The tale of Sita is a tale of womanly faith which charmed and fascinated the Hindu people. Many poets have elevated the character of Sita to great heights and have given a glimpse of her character. She has been an embodiment of truth, love and devotion. Srinivas Shastry in his lectures on Ramayana gives more emphasis on the characters. While speaking about Sita, he is of the opinion that, to Sita, Rama was everything and she would not live without him even for a moment.
Elizabeth’s character transforms overtime from the beginning of the book all the way to the end. Austen, the author of the book, wrote Elizabeth the way she did for very important reasons, which also helped the story a tremendous amount. Starting from the beginning of Pride and Prejudice, Elizabeth starts off as a sweet innocent girl looking for the right guy to marry. A few important things to note at the beginning of the novel are that Elizabeth has a great sense of humor and she is also very clever. Her good sense of humor can be seen a lot throughout the book as the author even explained in chapter III, “She had a lively, playful disposition, which delighted in anything ridiculous.” (pg 7) Even though these are good characteristics, Elizabeth is known for being stubborn, judgemental, and outspoken.
The poem begins with, “I have heard about the civilized,/ the marriages run on talk, elegant and honest, rational” (lines 1-2). Although the speaker is describing seemingly positive relationships, her word choice reveals an underlying meaning. “Heard” implies that she’s never actually witnessed or
“Phenomenal Woman” Phenomenal Woman, by Maya Angelou is an inspiring poem that encourages women, including myself to be confident and to love themselves just the way they are. It encourages women to be independent and confident despite what others think about them, especially men. In “Phenomenal Woman”, there are various literary devices used, some of which include repetition, parallelism, metaphors and personification. The obvious repetition in the poem is at the end of every stanza, through the phrases” I am a woman, phenomenally, phenomenal woman, that’s me”. This example of repetition is carried throughout the poem for emphasis, and the reader’s recognition of the truth behind the words.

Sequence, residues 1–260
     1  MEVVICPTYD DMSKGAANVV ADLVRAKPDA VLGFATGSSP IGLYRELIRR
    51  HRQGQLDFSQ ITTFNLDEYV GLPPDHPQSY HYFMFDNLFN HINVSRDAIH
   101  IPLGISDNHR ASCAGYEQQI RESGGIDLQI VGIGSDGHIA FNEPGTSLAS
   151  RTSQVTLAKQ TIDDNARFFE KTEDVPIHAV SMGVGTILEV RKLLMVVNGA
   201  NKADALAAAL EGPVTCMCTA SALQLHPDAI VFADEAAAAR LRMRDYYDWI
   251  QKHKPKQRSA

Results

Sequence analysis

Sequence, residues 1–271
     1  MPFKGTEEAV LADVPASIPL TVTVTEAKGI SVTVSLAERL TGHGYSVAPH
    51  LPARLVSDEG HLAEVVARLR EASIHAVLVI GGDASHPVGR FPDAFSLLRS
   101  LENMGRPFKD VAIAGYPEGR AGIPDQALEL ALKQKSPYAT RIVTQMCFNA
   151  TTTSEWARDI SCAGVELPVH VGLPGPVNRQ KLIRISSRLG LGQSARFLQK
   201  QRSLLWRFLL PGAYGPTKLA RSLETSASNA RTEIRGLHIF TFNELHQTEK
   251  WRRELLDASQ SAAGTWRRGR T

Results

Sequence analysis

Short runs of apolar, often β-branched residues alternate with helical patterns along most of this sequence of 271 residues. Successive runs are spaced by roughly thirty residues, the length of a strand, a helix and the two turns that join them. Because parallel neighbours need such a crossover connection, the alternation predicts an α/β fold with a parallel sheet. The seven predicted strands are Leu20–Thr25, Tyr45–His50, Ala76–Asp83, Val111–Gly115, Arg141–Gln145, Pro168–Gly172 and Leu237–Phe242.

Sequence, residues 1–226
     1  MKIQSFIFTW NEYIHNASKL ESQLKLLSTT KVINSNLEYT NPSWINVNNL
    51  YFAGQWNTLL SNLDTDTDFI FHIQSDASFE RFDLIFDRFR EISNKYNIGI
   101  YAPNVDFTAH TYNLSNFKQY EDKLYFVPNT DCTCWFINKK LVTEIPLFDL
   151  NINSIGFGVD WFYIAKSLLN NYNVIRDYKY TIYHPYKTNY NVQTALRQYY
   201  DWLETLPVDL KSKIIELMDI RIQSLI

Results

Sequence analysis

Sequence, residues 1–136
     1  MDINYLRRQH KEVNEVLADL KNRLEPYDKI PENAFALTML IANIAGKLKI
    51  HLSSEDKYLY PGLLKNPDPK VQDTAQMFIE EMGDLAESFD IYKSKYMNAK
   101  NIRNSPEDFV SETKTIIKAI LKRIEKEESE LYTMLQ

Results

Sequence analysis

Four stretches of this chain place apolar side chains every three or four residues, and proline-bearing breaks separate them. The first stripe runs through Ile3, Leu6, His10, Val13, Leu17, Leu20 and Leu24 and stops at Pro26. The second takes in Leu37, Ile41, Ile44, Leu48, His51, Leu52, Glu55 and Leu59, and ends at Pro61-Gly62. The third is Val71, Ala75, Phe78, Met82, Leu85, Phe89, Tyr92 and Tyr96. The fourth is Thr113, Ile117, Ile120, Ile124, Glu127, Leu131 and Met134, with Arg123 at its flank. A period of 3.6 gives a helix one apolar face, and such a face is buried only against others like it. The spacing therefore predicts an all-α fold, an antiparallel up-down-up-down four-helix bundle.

If the poem was written during the same time, by her husband it would have a much different feel. Changing the point of view in a poem like Marks would change the whole perspective of the whole situation Pastan addresses. As the poem is written in Pastan’s point of view, the reader may assume that she is average or that she is just very hard on herself. “...If I put my mind to it, I can improve” suggests that she can improve in her job as a mother because that is how she feels her children think about her. She does this in a way that makes it undoubtedly understandable and relatable to the reader.
However even though she doesn’t seem very interested she still makes an effort, which emphasises how obedient she is. The quote also features alliteration, which shows she is skilled at putting words together. She is intelligent and creative, and the way she speaks is calm and rhythmic. In the same scene she also says, “madam I am here, what is your will?” she is very polite and speaks briefly showing she keeps to herself when she’s with her mother. Shakespeare probably deliberately presented her this way, where she fits into what is expected of young ladies so that her change in character throughout the play would be more dramatic and interesting.
This novel highlights her attitude towards her own education level. When telling Luo about her limited reading ability, she is described as being “unabashed”. Despite that she cannot read, she is unashamed and is still confident with her skills. This shows that she is satisfied with herself and her life in the mountains. She also seems to believe that her education level
(Reed 405) These lyrical praises to beauty display Lord Byron’s idealistic view of women as beautiful, gentle, and innocent creatures. “The interest, then, in Byron’s lyrics lies in their direct expression of feeling.” (Reed 406) This kind of a portrayal of women by Byron differs from the one that appears in Don Juan, where women are more so treated as objects, rather than ideals. Byron, in his short lyrical poetry, writes of women as pure idealistic abstractions, as if the women represent beauty to him more than posses it themselves. “The great object in life, said Byron, is sensation”, and that is exactly what translates into his work. (Reed 406) Even the opening lines of his poems portray the idealistic images.
“Warming Her Pearls” is a poem about the love and intimacy being shared between a mistress and her maiden. The pearls are a representation of the mistress and the maiden’s attempt to show her mistress love and compassion. There seems to be a little sexual tension between the maid and the mistress that the maid takes care of every day. This poem is written in a way that confuses the reader, this represents the uncertainty inherent in homosexual relationships that must be kept secret. Carol Ann Duffy utilizes alliteration, oxymoron and word choices to show the sexual tension that takes place between the two women.